Laryssa Kwoczak on The Everyday Green Home Podcast with Marla Esser Cloos

How to Be Pollinator-Friendly with Laryssa Kwoczak, Beekeeper

Today, I am doing something a little different. Laryssa Kwoczak, my guest, is also a podcaster, so today, I am her guest, too. We will be releasing this podcast on her platform as well as on mine.

Listen in to our fascinating conversation to learn more about Laryssa, why bees are such an important part of our world, what you need to know before attracting bees to your garden, and so much more. Did I mention resources? We’ll have plenty of those for you, too.

About Laryssa

Laryssa lives in Hawaii. She has been keeping bees for about ten years. She used to work for a commercial apiary where she was teaching people about bees.

The Buzz About Bees

When she stopped doing that, she started doing her podcast called The Buzz about Bees. Laryssa created her podcast to dive a bit deeper into the hive and what bees do, and what the beekeeper does. She tries to make her podcast as friendly to non-beekeepers as possible.

Why bees are so important

Bees are important because they make honey, plus they pollinate foods like nuts, fruit, and vegetables, and flowers. They are an integral part of our world, and they are fascinating creatures. Bees are also food for birds, and they help the soil.

Honey

Honey has antibacterial properties. It gets used in bandaging for burn victims because it helps pull the moisture out.

Never goes bad

Honey is the only food that never goes bad.

Planting for honey bees

Honey bees have an action called flower fidelity, so they like to fill their sacks with just one kind of nectar for months at a time. So, when you are planting for bees, it is good to have more than one plant of one variety to encourage the bees by making it worth their while to stop by.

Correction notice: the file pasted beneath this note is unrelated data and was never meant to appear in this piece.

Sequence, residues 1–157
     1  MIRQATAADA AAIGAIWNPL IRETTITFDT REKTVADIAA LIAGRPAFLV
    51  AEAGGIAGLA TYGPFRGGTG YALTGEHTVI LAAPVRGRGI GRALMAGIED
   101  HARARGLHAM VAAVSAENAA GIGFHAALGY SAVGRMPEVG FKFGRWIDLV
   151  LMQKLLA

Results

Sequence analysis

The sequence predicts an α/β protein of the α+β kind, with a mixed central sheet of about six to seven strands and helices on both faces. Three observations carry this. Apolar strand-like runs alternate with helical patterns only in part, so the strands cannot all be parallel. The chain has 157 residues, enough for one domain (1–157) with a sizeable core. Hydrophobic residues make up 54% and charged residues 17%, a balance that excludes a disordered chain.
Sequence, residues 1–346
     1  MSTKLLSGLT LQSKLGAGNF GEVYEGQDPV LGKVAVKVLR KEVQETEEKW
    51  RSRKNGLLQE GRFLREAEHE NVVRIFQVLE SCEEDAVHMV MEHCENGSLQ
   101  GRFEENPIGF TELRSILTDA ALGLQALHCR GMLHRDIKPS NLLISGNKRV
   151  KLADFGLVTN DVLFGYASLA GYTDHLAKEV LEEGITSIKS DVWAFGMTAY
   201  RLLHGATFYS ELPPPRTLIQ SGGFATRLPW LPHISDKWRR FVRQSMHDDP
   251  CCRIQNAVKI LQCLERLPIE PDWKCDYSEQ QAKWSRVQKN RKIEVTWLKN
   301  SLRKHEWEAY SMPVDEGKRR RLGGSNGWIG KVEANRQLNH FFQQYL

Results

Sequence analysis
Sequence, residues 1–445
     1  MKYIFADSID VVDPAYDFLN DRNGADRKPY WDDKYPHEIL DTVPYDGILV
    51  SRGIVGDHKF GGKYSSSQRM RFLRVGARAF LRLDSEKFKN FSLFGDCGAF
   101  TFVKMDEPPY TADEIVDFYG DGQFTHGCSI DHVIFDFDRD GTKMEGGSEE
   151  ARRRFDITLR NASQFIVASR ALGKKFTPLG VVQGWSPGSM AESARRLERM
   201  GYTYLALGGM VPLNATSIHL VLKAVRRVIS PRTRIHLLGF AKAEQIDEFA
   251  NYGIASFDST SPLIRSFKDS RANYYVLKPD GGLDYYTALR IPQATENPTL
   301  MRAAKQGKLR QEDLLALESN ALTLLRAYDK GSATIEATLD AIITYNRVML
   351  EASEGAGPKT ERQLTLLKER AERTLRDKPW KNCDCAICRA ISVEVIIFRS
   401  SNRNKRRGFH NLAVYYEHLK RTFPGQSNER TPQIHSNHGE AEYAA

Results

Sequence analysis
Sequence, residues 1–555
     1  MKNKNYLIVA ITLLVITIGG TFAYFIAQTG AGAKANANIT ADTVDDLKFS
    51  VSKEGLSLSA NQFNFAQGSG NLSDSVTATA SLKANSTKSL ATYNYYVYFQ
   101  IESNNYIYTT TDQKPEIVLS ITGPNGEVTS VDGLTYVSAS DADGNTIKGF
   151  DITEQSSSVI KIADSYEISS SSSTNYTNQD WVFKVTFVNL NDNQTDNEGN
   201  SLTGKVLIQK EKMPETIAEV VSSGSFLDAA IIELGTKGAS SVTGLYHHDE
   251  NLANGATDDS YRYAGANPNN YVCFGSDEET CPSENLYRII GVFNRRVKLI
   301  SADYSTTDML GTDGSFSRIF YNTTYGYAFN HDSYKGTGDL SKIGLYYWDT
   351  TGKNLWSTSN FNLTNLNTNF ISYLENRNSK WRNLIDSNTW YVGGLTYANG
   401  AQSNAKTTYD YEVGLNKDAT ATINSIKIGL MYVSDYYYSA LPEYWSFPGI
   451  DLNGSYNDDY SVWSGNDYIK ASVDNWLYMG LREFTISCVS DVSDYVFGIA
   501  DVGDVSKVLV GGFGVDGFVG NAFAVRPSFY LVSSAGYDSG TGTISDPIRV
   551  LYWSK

One of the best pollinators

The pollen sticks to the fuzzy bodies of the bees. Then they go to the next flower of the same variety, spread the pollen, and pollinate it. That is why honey bees are one of the best pollinators.

Lots of everything

Different things attract different pollinators. So, have lots of everything! Herbs are great to plant if you want to attract pollinators to your garden.

Natural practices

It is healthier for everything in your garden if you use natural practices and trust that the bees know what they are doing.

Attracting bees

Before you try to attract bees to your garden, make it a healthy environment for them by not using harsh chemicals, like weed killers that could kill them. Do not spray any weed killers, even natural ones, in the garden during the daytime when the bees are around. Sunset is the best time to spray. But it is best not to spray at all because some weeds are food for bees.

Planting for the bees

Planting some bee-friendly flowers is a great way to attract bees to your garden. Planting flowers like tulips, or goldenrod, that come up in the early spring or late fall is best because that’s when the bees are desperate for food.

Butterflies are amazing

Butterflies can sniff out their host plant from over a mile away. If you plant something that attracts a certain kind of butterfly, there is a chance that they live in your area that they will find it.

Great places to go for resources

The Million Pollinator Garden Challenge is a great place to go for resources. You can also post your garden on that site. There is also Xerces.org, where you can go to your state, and it will tell you what to plant for native pollinators, as well as honey bees.

Finding more pollinator-friendly places

Laryssa encourages people not just to think about their yard, but also to get involved with their homeowner’s association and to talk with their neighbors to find places in the neighborhood that can be made more pollinator-friendly.

Potted plants

If you are not interested in pulling weeds or dealing with unwanted pests, potted plants are also great for attracting bees.

Don’t be afraid

You do not have to be afraid of having bees in your garden because bees are unlikely to sting. Honey bees will die if they sting you.

Creating a green environment around your home

Many different practices will support you in working with nature and help you create a pollinator-friendly environment around your home.

Referral Links:

My website Green Home Coach

Book: Living Green Effortlessly

Facebook Group: Love Your Everyday Green Home

Curated for your yard and garden

The Buzz About Bees Podcast

Pollinator-Friendly Native Plant Lists

Million Pollinator Garden Challenge

ID plants 

Bees in My Backyard videos

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